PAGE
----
Manitoba colleges creating programs to address Canada’s food manufacturing labour shortage
Assiniboine Community College and Roquette are collaborating to develop and deliver Chemical Engineering Technology Diploma and Food Science Diploma programs.
Research & Development
Sales & Marketing
Food & Beverage
BRANDON — Canada’s food processing sector is one of the country’s largest and most important manufacturing industries – contributing more than $103.4 billion in shipping product each year, and two per cent in national GDP, according to Food Processing Skills Canada. As Canada’s plant-based food and ingredient sector grows, so does the demand for skilled labour. Protein Industries Canada’s latest co-investment is trying to grow this sector so it has the talent needed to support its future growth.
Assiniboine Community College and Roquette are collaborating to develop and deliver Chemical Engineering Technology Diploma and Food Science Diploma programs to domestic and international prospective students in Canada. These are the first programs of their kind in Manitoba, with the Food Science Diploma being the first in the Prairies. The goal of these new programs is to ensure an adequate workforce for the evolving plant-protein processing and food and beverage manufacturing sectors.
“With support from Protein Industries Canada, Assiniboine Community College and Roquette Canada, the Government of Canada is helping to address the labour shortage faced by the plant-based food and ingredients sector. This project will help energize this critical industry by providing training and skills development to address challenges in plant protein processing and other food and beverage manufacturing across Canada,” said the Honourable François-Philippe Champagne, Minister of Innovation, Science and Industry.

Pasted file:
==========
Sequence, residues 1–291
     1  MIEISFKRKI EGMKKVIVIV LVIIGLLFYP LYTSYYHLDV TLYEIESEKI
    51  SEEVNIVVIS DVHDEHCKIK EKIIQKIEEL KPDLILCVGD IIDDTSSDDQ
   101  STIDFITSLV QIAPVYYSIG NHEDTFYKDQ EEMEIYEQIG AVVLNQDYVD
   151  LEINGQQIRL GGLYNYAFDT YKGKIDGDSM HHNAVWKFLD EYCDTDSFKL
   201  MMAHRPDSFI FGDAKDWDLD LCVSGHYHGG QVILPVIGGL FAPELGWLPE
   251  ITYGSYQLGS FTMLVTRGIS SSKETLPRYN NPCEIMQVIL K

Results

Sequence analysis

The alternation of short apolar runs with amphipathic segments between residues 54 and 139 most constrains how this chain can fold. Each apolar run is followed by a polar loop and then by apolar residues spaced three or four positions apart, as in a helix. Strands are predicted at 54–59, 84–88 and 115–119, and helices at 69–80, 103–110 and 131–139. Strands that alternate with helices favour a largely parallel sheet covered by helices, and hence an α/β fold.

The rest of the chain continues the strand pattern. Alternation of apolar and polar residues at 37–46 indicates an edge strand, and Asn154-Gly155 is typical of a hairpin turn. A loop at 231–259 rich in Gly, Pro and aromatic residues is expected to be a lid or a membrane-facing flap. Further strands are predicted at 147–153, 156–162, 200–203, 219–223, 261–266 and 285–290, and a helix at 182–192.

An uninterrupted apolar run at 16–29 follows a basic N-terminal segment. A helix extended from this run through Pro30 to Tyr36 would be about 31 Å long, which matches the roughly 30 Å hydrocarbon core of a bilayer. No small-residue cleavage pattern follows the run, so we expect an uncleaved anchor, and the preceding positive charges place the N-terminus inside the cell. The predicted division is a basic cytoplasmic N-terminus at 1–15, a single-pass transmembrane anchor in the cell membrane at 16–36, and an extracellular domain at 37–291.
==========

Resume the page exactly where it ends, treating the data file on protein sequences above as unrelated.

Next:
“The innovative plant protein industry is experiencing marked growth at the same time as we are facing a significant shortage of skilled labour. This collaboration between industry and an educational institution to create programs that fully meet the needs of the workplace is a win-win solution for both students and agri-food companies,” said the Honourable Marie-Claude Bibeau, Minister of Agriculture and Agri-Food.
To create the curriculum for both programs, the college will work with Roquette, which operates the world’s largest pea protein plant in Portage la Prairie, Manitoba, as well as consult other organizations in Canada’s plant-based food and ingredient ecosystem. This engagement will identify the technical and employment skills needed from industry, which will also help students create connections with potential future employers. Providing students the training, skills and talent needed for careers in the food processing sector will expand the ecosystem’s capacity and create more jobs, from which companies of all sizes across the agrifood value chain can benefit.
“As a growing sector that promises to be a driver of Canada’s economy, and an industry that will require an additional 17,000 new employees by 2035, it is critical that we develop programs to help build a skilled workforce to meet the needs of our industry partners,” CEO of Protein Industries Canada Bill Greuel said. “The Chemical Engineering Technology Diploma and Food Science Diploma programs from Assiniboine Community College and Roquette can create a diverse talent source for Canada’s plant protein sector, which will result in more career opportunities for Canadians and growth for Canada’s economy.”
The new three-year diploma programs will also be partnering with Indigenous processors, communities, Elders and Knowledge Keepers. The diploma programs will also be an integral part of the college’s planned expansion of agriculture training that will live in the Prairie Innovation Centre for Sustainable Agriculture, a collaborative learning space for agriculture-related training and a Manitoba-made response to labour market gaps in the industry.